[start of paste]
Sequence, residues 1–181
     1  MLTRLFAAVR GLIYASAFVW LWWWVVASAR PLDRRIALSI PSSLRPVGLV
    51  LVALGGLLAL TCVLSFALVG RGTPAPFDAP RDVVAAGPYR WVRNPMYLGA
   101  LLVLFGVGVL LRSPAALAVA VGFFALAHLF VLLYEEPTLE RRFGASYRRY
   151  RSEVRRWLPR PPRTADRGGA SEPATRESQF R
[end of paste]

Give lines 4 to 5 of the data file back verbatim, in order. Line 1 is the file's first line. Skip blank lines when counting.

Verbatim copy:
   101  LLVLFGVGVL LRSPAALAVA VGFFALAHLF VLLYEEPTLE RRFGASYRRY
   151  RSEVRRWLPR PPRTADRGGA SEPATRESQF R